Originally, the Ada language only supported the ISO-8859-1 encoding, which is capable of handling most of the characters in Western European languages. I suppose that was acceptable in the 80s, and even in the late 90s perhaps as most of the users of Ada seem to come from the USA, UK, Germany and France. But in the 21st century? No way, completely unacceptable!
Ada 2005 added support for wide characters so that your application can support languages such as Chinese, Russian and Arabic. It also also added support for UTF-8 file encoding. As a C++ developer who has struggled with internationalization issues, particularly reading UTF-8 text files, I truly welcome this support in Ada. I may not have the latest information, but I don’t believe C++ supports UTF-8 without the help of third party libraries. Perhaps that will change in C++0x?
Working with wide characters in Ada is no more difficult than it is in C++. Separate I/O libraries are provided for regular and wide text, just like in C++ (wcout/wcin, wsprintf, etc). For example, Ada.Wide_Text_IO is the wide character equivalent of Ada.Text_IO. I should also mention that unlike C++, Ada 2005 allows a developer to define variables and types using languages like Chinese or Hebrew. Though I doubt (perhaps naively) that this is utilized very often, it is interesting nonetheless. Please note that:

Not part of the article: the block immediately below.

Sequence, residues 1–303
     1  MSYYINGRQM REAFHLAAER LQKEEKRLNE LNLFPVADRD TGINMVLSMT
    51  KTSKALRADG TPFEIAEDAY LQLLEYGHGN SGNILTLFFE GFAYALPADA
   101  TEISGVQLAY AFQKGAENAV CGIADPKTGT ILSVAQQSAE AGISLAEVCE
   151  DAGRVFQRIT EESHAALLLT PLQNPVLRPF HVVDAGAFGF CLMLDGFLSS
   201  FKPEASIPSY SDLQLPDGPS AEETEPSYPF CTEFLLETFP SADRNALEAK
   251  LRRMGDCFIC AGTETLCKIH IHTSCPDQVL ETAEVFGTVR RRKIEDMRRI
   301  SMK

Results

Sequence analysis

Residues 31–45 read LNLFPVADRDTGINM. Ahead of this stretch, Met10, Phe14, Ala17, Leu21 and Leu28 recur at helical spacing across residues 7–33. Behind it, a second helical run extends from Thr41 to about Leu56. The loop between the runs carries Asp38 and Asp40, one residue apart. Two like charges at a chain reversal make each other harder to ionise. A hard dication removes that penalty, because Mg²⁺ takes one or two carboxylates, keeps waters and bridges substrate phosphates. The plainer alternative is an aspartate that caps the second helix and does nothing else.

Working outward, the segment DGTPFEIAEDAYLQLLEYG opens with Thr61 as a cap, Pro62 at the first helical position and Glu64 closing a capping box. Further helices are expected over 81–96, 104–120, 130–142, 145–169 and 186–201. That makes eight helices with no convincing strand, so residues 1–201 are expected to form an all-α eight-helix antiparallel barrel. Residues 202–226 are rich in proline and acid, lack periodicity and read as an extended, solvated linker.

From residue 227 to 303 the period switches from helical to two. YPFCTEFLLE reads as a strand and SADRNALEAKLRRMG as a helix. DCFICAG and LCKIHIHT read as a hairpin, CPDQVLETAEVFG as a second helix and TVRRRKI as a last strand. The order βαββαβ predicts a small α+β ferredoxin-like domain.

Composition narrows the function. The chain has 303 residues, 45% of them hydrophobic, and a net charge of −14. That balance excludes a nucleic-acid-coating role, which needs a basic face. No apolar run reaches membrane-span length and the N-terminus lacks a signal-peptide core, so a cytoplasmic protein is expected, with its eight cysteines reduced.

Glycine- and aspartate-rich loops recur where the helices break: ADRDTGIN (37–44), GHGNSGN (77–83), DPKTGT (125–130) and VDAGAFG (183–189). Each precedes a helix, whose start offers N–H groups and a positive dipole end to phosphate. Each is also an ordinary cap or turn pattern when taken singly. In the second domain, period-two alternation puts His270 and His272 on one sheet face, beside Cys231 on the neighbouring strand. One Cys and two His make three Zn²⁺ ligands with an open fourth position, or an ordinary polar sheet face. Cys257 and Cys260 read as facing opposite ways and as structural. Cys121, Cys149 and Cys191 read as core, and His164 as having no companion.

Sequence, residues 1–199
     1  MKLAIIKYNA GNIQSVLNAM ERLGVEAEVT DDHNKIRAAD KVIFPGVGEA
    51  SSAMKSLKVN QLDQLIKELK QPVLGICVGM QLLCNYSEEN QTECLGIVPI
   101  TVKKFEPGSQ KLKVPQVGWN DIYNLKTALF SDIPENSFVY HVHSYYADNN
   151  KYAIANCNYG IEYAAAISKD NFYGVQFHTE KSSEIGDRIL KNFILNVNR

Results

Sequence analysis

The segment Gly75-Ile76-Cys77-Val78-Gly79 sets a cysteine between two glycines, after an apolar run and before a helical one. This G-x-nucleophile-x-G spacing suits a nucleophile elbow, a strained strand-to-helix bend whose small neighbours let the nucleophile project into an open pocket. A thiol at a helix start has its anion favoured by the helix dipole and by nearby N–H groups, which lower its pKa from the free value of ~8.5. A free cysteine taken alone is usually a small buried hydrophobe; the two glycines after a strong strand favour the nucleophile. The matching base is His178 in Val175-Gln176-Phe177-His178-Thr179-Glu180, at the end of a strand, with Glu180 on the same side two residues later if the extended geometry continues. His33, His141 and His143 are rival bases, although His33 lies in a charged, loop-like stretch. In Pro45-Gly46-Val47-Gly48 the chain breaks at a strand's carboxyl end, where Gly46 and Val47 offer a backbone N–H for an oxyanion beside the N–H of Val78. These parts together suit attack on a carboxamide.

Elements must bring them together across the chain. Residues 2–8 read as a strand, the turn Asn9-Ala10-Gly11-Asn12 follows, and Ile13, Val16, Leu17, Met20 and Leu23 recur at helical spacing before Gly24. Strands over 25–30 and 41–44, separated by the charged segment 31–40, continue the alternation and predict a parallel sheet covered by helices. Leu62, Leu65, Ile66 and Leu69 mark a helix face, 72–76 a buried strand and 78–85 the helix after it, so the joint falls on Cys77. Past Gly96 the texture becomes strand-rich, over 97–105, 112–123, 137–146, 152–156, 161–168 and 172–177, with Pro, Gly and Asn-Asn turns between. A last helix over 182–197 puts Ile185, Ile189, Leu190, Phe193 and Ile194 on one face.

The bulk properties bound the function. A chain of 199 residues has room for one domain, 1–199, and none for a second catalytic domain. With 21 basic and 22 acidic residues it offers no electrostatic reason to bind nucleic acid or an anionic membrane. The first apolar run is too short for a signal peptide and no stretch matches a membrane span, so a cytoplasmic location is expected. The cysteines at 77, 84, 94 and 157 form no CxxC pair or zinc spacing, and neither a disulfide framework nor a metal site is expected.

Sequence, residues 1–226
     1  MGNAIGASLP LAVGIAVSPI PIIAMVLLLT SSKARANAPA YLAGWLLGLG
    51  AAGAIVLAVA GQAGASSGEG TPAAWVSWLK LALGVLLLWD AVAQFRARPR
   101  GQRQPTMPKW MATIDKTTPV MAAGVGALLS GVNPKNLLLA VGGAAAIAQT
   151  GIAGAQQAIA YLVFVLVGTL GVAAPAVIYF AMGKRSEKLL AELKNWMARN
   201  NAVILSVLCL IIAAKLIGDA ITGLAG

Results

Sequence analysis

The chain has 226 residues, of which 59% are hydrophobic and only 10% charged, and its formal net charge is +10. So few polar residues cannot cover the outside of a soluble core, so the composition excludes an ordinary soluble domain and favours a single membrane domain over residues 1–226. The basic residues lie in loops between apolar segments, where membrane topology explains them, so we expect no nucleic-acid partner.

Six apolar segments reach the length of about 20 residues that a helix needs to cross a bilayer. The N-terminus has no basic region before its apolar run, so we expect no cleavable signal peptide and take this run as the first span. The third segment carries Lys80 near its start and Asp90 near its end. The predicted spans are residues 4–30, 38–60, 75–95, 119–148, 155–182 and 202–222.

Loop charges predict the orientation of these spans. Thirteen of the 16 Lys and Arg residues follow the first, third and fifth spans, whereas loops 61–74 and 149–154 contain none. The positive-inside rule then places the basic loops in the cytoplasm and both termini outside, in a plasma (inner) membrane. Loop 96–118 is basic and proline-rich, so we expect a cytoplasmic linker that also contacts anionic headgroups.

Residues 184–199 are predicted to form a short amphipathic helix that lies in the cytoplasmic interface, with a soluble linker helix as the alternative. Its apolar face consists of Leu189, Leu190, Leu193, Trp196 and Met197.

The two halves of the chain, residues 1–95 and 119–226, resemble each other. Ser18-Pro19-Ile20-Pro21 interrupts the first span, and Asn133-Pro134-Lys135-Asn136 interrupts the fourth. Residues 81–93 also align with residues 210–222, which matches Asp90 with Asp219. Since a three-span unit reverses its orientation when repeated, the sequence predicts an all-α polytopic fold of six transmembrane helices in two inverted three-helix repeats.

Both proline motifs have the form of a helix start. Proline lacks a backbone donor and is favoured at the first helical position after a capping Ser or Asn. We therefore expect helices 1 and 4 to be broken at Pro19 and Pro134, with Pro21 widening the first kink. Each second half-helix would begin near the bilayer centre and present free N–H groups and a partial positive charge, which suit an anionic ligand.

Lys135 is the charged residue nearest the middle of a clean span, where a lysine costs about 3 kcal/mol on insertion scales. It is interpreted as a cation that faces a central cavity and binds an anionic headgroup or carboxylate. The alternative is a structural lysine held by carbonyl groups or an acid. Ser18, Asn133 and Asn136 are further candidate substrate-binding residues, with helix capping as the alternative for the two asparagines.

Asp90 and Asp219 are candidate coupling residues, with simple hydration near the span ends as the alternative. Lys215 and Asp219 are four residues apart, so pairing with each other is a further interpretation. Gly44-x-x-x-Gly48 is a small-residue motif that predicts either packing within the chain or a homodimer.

- Ada.Strings.Unbounded and Ada.Strings.Bounded are similar to the std::string and char  arrays in C++
- Ada.Strings.Wide_Unbounded and Ada.Strings.Wide_Bounded and are similar to the std::wstring and wchar_t  arrays in C++.
Here is an extremely simple program to demonstrate the use of wide characters with Russian and Chinese. If you are copying and pasting this to an editor, make sure to save the file in UTF-8 format or you might loose the Chinese and Russian text.
with Ada.Wide_Text_IO; use Ada.Wide_Text_IO; procedure WideText is Msg1: Wide_String := "Россия"; Msg2: Wide_String := "中国"; begin Put_Line(Msg1); Put_Line(Msg2); end WideText;
The Msg1 variable holds the Cyrillic for “Russia”, and the Msg2 variable holds the Chinese for “China”. My test environment is Cygwin on Windows, and unfortunately, I have not figured out how to get unicode to display properly in the terminal. Perhaps someone on a Linux box with a UTF-8 terminal could very this? If you’re in the same boat as me, then just dump the output to a file and open it up in a unicode-friendly editor.
./widetext.exe > output.txt
You should be able to see both strings on a separate line in the file:
If someone ever figures out unicode in the cygwin terminal or Windows cmd.exe terminal, please let me know!